When Democratic presidential candidate John F. Kerry dismissed calls that he make his divorce records public, he apparently did not know many of them already are.
In 1988, Kerry and his first wife, Julia Thorne, were granted a ''no-fault" divorce after 18 years of marriage.
They cited the generic grounds of ''irretrievable breakdown of the marriage," according to divorce records.
The only portion of the records that are sealed involve the couple's financial information, including salary, assets, and debts, which are impounded in all divorce cases, Assistant Norfolk Probate Registrar John Jenney said.
Kerry has denounced inquiries about whether his divorce records should be unsealed, a question that has been raised frequently since Republican candidate Jack Ryan of Illinois dropped out of the US Senate race last week. His unsealed divorce and child custody records revealed allegations that he tried to pressure his former wife, television actress Jeri Lynn Ryan, to have sex in public at clubs.
A Kerry spokeswoman, Stephanie Cutter, said when Kerry said he would not make his divorce records public, ''he was probably thinking about the pieces that are sealed."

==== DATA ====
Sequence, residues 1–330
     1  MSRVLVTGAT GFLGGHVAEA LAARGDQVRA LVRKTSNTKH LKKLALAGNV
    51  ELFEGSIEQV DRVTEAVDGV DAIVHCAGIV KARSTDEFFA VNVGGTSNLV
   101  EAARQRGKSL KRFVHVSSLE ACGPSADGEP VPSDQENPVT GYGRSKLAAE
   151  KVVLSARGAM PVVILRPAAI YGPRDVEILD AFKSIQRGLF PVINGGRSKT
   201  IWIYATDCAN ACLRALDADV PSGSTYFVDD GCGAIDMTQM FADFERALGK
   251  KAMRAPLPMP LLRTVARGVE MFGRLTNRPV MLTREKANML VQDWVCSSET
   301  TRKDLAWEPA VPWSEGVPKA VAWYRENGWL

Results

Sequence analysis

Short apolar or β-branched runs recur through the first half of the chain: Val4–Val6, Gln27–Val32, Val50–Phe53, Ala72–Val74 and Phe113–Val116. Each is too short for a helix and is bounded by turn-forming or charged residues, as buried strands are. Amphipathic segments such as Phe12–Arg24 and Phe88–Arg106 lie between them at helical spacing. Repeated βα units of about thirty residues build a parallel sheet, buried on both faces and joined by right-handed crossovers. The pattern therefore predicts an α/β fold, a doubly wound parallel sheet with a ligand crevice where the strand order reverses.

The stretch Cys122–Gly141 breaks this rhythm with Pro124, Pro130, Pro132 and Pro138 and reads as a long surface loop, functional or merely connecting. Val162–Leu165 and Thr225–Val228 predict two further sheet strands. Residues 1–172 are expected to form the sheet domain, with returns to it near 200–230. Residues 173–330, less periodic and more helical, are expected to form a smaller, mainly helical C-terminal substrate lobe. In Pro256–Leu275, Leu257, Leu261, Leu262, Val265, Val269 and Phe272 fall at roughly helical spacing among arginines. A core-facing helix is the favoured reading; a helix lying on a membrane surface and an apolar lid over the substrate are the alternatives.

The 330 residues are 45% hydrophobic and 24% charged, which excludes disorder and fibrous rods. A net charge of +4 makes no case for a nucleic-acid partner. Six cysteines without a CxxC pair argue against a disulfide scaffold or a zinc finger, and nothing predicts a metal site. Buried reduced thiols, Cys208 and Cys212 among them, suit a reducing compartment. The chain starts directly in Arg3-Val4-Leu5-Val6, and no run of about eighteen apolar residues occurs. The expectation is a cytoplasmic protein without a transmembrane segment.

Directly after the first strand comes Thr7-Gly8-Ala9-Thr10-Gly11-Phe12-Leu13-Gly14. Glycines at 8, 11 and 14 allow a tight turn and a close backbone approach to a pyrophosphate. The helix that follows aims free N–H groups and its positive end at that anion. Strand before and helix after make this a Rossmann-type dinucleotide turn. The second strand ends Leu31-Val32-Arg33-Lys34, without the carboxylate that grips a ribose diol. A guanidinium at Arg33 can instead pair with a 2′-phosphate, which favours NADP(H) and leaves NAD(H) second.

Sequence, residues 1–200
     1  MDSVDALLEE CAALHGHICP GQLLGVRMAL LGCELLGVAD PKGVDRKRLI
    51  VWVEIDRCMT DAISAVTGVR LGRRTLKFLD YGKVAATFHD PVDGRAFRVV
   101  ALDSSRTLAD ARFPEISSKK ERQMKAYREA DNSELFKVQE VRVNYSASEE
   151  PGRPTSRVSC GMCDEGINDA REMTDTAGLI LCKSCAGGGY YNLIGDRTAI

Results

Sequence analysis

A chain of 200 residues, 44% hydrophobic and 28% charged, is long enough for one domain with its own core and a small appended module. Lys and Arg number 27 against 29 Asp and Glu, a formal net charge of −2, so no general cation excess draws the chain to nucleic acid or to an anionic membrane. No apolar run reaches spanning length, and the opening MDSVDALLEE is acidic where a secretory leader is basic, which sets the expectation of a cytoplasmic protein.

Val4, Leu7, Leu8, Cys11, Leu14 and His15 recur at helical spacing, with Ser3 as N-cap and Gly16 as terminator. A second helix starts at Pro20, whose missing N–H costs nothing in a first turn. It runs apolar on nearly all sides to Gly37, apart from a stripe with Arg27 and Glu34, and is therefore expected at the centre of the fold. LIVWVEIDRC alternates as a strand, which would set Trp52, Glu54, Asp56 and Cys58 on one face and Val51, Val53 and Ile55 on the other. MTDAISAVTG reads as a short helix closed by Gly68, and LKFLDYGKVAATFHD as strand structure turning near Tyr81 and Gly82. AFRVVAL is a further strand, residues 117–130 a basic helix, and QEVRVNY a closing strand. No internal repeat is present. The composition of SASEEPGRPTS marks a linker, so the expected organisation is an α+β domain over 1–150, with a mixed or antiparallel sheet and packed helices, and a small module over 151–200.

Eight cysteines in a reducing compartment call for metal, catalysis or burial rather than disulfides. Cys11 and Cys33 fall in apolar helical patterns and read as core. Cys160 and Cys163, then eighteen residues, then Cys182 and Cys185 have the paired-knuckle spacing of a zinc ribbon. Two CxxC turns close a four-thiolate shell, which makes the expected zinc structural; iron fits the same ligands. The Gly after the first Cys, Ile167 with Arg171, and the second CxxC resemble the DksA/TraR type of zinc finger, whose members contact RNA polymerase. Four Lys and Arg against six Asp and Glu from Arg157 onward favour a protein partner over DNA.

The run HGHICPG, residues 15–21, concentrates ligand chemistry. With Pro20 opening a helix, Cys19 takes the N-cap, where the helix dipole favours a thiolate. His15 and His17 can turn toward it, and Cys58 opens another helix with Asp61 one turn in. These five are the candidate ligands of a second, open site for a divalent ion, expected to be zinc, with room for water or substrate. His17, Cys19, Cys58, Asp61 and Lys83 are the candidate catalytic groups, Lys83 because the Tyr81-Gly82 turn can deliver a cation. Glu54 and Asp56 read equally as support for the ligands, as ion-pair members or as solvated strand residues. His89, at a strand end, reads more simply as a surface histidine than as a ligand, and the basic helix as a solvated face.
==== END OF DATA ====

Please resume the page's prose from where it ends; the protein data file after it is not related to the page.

After nearly six years of separation, Kerry and Thorne filed jointly for a divorce on June 24, 1988. Norfolk Probate Court Judge James Sweeney approved the divorce on July 25, 1988.
A separation agreement, which included custody and alimony arrangements, was presented to the judge, but it is not included in the public file.
It is within the judge's discretion to allow the attorneys in the case to hold them in their own files, which they did in this case.
According to Jenney, separation agreements do not contain the grounds for divorce but the nitty-gritty of the financial arrangement between the two parties.
On June 9, 1995, Kerry and Thorne submitted an application to impound ''all pleadings and other papers filed with the Court" in connection with their divorce. Norfolk Probate Court Judge John Cronin denied the request the same day.